On Writing Well

Among the surviving writings of Julius Caesar
is a fragment from his book On Analogy, where
he tells us to “Avoid strange and unfamiliar words
as a sailor avoids rocks at sea,” which, I admit,
is a vivid analogy in and of itself, but even so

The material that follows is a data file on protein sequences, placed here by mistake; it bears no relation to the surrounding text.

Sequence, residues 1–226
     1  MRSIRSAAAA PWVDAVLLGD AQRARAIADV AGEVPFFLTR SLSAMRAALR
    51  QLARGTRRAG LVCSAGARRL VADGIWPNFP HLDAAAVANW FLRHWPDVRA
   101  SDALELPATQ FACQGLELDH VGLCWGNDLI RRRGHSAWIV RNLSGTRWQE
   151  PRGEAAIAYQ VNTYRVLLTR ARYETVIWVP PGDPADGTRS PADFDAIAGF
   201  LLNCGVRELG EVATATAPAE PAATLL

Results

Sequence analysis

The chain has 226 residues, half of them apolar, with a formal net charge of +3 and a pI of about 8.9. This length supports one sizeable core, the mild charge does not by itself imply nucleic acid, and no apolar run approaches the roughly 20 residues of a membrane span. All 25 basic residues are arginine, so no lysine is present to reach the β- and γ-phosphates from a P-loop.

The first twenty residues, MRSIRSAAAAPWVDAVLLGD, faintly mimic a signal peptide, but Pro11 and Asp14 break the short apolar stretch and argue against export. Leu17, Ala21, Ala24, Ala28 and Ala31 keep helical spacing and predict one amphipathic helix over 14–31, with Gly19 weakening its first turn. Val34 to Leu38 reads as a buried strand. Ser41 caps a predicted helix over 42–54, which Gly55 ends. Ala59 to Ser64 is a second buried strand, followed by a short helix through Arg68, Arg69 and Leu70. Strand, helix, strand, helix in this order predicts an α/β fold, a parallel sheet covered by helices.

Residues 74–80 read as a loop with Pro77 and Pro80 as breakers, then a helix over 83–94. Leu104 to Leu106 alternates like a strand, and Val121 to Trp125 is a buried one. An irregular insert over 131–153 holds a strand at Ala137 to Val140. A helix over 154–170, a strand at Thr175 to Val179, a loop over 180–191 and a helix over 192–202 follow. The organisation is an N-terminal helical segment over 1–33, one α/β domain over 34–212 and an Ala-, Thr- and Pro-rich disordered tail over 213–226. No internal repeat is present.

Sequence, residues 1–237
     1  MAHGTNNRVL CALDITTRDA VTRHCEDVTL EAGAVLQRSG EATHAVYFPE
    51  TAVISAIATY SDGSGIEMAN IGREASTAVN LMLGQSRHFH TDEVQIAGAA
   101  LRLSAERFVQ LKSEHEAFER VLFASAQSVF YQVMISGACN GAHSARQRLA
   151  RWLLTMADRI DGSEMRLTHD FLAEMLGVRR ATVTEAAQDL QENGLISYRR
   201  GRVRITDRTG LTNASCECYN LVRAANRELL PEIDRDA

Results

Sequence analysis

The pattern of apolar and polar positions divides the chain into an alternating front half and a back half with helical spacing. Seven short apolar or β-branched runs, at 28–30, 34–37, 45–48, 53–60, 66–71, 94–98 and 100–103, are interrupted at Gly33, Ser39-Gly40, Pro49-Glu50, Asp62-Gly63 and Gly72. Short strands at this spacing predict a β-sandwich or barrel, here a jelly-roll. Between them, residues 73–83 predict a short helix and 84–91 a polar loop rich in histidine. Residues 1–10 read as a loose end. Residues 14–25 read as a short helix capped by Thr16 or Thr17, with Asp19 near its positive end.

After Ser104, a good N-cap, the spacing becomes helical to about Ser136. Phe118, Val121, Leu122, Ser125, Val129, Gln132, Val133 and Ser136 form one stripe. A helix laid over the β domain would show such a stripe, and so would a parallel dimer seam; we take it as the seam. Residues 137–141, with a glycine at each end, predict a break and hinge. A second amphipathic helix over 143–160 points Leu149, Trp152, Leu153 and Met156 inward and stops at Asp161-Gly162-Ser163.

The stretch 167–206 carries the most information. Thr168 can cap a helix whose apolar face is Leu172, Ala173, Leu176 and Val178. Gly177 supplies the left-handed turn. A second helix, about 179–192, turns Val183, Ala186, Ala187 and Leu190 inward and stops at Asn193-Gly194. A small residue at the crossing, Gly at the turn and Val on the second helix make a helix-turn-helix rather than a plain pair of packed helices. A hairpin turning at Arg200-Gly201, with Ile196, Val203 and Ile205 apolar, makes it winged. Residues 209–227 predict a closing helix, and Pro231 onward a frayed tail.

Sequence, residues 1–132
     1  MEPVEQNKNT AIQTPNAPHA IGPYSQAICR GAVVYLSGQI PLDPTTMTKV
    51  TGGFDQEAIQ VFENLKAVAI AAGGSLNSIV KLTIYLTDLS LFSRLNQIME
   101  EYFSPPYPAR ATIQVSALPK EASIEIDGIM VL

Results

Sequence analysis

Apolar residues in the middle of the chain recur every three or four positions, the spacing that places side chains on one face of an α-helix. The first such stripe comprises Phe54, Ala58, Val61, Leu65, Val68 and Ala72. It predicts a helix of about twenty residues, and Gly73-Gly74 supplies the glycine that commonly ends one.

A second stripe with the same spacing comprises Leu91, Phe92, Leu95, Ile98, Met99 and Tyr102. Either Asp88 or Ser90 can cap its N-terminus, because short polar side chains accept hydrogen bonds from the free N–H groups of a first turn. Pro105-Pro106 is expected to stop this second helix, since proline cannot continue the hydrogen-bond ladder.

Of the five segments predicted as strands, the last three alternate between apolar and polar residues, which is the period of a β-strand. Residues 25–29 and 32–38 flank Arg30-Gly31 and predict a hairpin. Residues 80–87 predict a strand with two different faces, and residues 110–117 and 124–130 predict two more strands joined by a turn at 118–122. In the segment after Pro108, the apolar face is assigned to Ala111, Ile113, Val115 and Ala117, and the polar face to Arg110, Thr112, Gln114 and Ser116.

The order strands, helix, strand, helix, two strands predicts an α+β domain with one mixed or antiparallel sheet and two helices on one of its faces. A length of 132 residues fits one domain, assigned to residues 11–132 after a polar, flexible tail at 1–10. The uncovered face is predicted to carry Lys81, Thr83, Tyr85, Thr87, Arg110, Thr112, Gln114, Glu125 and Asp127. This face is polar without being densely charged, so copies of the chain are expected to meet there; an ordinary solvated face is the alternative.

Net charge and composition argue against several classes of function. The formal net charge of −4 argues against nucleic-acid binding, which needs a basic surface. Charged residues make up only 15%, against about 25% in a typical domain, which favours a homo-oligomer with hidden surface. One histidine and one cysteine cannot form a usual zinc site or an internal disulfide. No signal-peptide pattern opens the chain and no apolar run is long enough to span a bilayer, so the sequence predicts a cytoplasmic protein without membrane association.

I’m not about to take writing tips from the man
who, in 48 B.C., started the fire that destroyed
the Library of Alexandria and the half a million
papyrus scrolls gathered there from throughout
the ancient world for study and safekeeping.

Howie Good
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